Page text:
I feel a little like a child counting down the number of "sleeps" till Christmas. It is still a little early, I guess, for some of the best rarities to arrive, but I keep checking every day - closely "eye-balling" anything that looks slightly different.
What am I finding? Well, plenty - I mean PLENTY - Yellow-rumped Warblers and regular appearances of Golden-crowned Kinglets. There seem to be more Black-capped Chickadees showing up, too. When I see or hear them, I really perk up, because it is often the special warblers or Indigo Buntings that tend to hang out with them.
The best splash of color among the birds dropping in is provided by the gathering of Baltimore Orioles in Blackhead.
One of the reasons I am driven to look for the rarities now is that there is a better chance of seeing them in their breeding plumage. This stunner of a male Baltimore Oriole was breathtaking yesterday. I have never seen such color on any species of bird to compare with this one.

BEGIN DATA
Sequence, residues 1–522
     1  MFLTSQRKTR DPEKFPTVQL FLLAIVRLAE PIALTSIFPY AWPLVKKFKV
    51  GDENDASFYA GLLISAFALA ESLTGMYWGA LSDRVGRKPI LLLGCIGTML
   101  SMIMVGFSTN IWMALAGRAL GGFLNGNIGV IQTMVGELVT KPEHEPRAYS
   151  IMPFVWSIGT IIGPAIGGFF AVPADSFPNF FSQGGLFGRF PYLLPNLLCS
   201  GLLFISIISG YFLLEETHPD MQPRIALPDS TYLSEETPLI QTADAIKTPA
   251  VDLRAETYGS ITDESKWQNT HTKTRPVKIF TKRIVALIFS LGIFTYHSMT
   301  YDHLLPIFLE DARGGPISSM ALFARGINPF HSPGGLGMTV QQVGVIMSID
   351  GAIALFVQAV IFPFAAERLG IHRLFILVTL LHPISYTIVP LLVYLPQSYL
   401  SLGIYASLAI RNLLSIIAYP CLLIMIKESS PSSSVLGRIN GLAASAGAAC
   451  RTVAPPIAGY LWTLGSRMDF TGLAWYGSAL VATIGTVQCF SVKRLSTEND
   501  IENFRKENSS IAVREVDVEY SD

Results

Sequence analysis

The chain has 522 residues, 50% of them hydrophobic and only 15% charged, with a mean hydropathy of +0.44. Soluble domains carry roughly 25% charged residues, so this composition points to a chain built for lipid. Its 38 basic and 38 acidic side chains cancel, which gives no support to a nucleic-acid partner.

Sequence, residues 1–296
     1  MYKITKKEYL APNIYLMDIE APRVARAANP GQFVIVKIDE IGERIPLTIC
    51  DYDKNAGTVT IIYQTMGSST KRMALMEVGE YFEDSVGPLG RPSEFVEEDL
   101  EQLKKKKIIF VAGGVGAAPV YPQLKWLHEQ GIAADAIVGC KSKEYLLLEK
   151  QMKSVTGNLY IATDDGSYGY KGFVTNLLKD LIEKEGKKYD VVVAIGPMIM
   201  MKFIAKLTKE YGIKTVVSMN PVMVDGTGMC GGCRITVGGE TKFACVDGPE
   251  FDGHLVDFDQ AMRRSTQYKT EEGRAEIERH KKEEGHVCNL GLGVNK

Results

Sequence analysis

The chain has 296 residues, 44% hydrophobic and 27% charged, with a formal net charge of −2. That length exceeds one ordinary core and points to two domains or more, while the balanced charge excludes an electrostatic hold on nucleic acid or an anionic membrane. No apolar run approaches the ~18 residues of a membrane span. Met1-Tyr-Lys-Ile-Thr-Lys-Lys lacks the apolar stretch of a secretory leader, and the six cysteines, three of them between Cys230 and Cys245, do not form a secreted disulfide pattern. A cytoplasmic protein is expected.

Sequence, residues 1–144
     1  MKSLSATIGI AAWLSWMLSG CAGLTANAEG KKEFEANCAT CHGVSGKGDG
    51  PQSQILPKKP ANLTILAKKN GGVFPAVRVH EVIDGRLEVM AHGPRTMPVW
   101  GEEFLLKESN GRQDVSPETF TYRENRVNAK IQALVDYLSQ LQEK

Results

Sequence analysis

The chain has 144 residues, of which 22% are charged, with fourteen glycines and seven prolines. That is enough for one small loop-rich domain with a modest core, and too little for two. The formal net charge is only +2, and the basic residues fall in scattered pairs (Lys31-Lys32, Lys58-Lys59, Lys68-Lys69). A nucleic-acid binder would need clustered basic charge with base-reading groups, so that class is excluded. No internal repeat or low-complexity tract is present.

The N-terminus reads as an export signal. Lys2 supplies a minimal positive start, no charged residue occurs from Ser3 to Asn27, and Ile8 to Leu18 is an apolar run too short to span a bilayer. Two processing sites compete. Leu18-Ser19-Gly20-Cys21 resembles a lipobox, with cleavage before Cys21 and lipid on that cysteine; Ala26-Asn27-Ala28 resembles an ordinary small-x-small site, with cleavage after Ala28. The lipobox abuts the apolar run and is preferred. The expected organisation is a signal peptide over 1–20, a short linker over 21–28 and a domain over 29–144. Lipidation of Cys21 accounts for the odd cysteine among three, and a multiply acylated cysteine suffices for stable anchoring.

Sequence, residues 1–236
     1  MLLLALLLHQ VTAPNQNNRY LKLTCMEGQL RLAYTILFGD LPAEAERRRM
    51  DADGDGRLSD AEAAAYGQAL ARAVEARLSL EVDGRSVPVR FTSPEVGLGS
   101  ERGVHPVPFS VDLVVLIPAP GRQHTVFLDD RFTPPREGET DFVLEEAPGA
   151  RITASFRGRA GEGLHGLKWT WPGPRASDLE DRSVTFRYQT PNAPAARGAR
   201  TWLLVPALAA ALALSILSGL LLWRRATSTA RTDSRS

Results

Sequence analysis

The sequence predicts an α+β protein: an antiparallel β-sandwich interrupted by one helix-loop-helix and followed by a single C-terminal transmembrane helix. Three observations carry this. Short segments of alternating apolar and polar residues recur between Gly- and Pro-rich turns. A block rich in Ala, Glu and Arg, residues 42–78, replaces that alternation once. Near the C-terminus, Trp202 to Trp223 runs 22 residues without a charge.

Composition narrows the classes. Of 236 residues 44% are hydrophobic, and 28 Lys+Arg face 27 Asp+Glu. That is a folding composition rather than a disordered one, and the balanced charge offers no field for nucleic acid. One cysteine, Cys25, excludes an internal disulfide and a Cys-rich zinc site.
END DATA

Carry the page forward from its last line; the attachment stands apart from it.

Unfortunately, I could not get close enough to him to get a decent picture. Common sense kept me from trespassing on some one's property. Although, I really wanted to. When he popped out for a second and the sun hit him, he was blazing orange!
This female (there were three) was tucked in among the branches. When I looked at this shot on my camera, all I could see was the black eye line, a little dark under the beak and a tail that looked more yellow than usual. Of course, my mind rushed to wondering if this could be a Bullock's Oriole. As soon as I don't loaded the image on my computer, it was obvious this was yet another Baltimore Oriole.
Just as I was leaving Blackhead, I caught sight of a raptor circling overhead. Pedal to the metal, I caught up with it in time to get an overhead shot before it circled it way out of sight. This is my first Northern Goshawk in quite a while. The Sharp-shinned Hawks are also showing up regularly. Indeed, there is transition happening out there. I just hope I am in the right place at the right time when a "big" one passes through.